What’s the Better Workout: Stairclimber or Treadmill?

Emily Abbate
by Emily Abbate
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What’s the Better Workout: Stairclimber or Treadmill?

Whether you’re a fan of lacing up your sneakers for a walk or like to swim laps at the pool, there’s no denying it’s important to get a regular dose of cardio. Not only does it help to burn fat and assist with weight management, but it also has other science-backed benefits, like improved mental clarity and preventing muscle loss.

Sometimes when you’re in a rush, fitting in the suggested 150 minutes of moderate exercise every week gets shoved to the backburner. That’s where popular pieces of cardio equipment come in — specifically two of the biggest calorie-burners: the treadmill (on an incline) and the stairclimber.

We checked in with experts to find out which one burns the most calories, and the response was actually pretty surprising.

BENEFITS OF THE STAIRCLIMBER

It’s important to specify what a StairMaster is versus another popular machine, the StairMill.  While a StairMaster is comparable to an elliptical in nature (your feet don’t actually come off of the pedals during the workout), a StairMill is an actual set of rotating stairs which the user must climb, similar to steps you might climb at home or when ascending from the subway.

“With the StairMaster, you’ll see less impact since you’re not actually lifting your foot and putting it back down like you would be for walking or running,” says Heather Milton, MS, certified strength and conditioning specialist and an exercise physiologist and clinical specialist at NYU Langone’s Sports Performance Center. “With this machine you can get a good moderate-intensity workout.”

According to the Compendium of Physical Activity, climbing stairs has a MET (which stands for “metabolic equivalent task,” and is one way exercise physiologists estimate how many calories are burned during physical activity) value of 4.0 at a slow pace and 8.8 at a brisk one. To calculate the number of calories burned, you multiply METS by weight (in kilograms) and time (in hours). Research published in the British Journal of Sports Medicine also shows incorporating the lower-body-focused cardio workout into your routine can help increase your endurance, giving you a 17% bump in VO2 max (the maximum amount of oxygen you can take in during exercise).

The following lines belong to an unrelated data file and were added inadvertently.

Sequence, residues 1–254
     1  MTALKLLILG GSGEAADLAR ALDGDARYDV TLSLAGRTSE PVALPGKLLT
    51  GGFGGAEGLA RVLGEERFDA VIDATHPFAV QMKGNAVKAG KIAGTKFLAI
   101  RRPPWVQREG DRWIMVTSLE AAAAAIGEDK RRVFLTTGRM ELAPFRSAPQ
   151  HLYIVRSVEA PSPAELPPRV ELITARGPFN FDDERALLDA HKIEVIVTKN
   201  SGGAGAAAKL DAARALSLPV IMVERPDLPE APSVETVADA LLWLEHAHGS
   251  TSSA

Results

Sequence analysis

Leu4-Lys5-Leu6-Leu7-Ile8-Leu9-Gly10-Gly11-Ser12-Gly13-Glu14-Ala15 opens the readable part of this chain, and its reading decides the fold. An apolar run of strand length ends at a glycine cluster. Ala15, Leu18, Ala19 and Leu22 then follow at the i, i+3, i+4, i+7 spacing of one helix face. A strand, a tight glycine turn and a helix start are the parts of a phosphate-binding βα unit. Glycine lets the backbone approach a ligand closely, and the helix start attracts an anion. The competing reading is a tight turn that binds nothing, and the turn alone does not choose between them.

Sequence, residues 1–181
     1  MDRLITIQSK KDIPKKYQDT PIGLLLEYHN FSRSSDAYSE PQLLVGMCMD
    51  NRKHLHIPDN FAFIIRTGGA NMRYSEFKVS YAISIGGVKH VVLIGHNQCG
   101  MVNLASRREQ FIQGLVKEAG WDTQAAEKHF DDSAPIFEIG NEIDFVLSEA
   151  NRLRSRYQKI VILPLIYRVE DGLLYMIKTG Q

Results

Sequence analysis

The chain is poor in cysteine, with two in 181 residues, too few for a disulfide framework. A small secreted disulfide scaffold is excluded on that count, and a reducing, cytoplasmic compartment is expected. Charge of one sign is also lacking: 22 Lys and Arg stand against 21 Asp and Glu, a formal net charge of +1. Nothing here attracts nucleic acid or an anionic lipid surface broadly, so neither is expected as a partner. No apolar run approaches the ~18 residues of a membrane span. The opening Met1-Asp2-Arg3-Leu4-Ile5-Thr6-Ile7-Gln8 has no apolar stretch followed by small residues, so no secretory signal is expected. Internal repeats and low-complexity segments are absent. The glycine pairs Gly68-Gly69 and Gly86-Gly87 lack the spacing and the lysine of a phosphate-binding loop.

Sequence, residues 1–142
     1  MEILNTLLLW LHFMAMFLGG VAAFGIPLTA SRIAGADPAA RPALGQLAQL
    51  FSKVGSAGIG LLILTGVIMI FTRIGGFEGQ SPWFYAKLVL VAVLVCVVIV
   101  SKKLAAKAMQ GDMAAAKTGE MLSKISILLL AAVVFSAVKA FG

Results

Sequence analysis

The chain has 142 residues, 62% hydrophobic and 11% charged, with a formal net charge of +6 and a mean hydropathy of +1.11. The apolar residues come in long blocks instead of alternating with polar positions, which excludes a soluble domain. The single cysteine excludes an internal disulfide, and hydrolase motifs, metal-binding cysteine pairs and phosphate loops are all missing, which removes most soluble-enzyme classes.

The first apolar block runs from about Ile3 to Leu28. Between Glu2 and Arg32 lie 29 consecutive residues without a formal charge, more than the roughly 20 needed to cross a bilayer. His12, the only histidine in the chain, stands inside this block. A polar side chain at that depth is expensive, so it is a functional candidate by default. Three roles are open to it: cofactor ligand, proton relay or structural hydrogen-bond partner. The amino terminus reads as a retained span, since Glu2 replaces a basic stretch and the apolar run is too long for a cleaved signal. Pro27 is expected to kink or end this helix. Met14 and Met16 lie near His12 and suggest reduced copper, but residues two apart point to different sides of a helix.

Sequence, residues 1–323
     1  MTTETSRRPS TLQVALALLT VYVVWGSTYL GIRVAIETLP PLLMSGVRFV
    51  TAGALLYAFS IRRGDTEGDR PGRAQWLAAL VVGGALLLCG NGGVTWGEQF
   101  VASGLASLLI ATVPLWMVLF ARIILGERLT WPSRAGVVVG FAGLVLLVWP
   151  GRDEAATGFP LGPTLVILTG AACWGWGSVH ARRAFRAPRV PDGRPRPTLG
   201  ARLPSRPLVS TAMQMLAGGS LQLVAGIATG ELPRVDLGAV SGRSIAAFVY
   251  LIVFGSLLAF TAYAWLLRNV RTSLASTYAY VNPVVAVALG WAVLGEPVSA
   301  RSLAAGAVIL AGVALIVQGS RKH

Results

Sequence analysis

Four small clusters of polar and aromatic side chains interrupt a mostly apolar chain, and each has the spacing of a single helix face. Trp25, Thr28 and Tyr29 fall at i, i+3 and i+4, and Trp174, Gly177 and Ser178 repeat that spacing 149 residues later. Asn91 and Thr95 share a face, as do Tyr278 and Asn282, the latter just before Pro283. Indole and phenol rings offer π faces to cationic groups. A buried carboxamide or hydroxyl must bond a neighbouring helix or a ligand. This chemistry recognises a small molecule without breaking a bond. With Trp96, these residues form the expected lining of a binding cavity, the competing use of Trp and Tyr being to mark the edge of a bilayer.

BENEFITS OF THE TREADMILL

Using the treadmill while walking on an incline can be a great total-body workout. The catch: Make sure you’re not holding onto the railing when you’re hiking up the belt. By doing so, the calorie output you see in front of you on-screen is less accurate, since the assisted stabilization decreases the required effort.

When compared to the StairMaster, you’ll see a similar calorie burn: The compendium lists an 8.0 MET value when walking 3.5 mph at a 6% incline.

THE BETTER WORKOUT

Ultimately, it depends on what level and intensity you’re using the machines. Both the stairclimber and the treadmill have different settings, and Milton says it’s likely you’ll be able to crank up the intensity a tad more on the treadmill. “With a treadmill you can gauge speed better and truly understand what workload you’re at,” she says. “If you’re going uphill on a treadmill, then you can actually start at a lower pace and really work on your form.”

THE BOTTOM LINE

Milton says the two activities boast similar results: On average, a 150-pound person burns roughly 204 calories walking on a treadmill uphill at 3.5 mph versus 272 calories walking upstairs for 30 minutes. “[Mechanics-wise] they’re both working on triple extension through hip knee and ankle,” she says. “Both machines really incorporate the large muscle groups. And since those muscles utilize a lot of calories, you’ll see a large burn with both.”

About the Author

Emily Abbate
Emily Abbate

Emily has written for GQ, Self, Shape and Runner’s World (among others). As a certified personal trainer, run and spin coach, she’s often tackling long runs or lifting heavy things. In addition to that, she’s working on Hurdle, a podcast that talks to badass humans and entrepreneurs who got through a tough time —a hurdle of sorts— by leaning into wellness.

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